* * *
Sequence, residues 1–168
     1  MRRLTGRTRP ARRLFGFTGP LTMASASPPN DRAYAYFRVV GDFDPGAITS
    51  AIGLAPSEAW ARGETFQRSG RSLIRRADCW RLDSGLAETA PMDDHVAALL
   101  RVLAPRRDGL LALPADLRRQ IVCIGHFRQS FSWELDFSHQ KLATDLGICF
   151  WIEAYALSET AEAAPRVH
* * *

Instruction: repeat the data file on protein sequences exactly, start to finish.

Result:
Sequence, residues 1–168
     1  MRRLTGRTRP ARRLFGFTGP LTMASASPPN DRAYAYFRVV GDFDPGAITS
    51  AIGLAPSEAW ARGETFQRSG RSLIRRADCW RLDSGLAETA PMDDHVAALL
   101  RVLAPRRDGL LALPADLRRQ IVCIGHFRQS FSWELDFSHQ KLATDLGICF
   151  WIEAYALSET AEAAPRVH